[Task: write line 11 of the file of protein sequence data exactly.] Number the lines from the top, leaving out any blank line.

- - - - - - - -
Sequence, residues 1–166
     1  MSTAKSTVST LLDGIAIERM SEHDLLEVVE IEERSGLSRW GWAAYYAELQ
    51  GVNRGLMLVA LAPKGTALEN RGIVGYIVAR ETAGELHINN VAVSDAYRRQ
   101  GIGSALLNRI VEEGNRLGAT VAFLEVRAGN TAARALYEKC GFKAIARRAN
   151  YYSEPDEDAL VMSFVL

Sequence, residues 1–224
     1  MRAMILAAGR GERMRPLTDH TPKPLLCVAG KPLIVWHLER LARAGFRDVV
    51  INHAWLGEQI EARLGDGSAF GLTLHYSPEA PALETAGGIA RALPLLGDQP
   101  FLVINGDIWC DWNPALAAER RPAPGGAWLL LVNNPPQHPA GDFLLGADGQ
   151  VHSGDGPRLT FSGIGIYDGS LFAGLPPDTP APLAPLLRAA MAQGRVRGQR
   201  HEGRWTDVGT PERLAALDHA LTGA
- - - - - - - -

   201  HEGRWTDVGT PERLAALDHA LTGA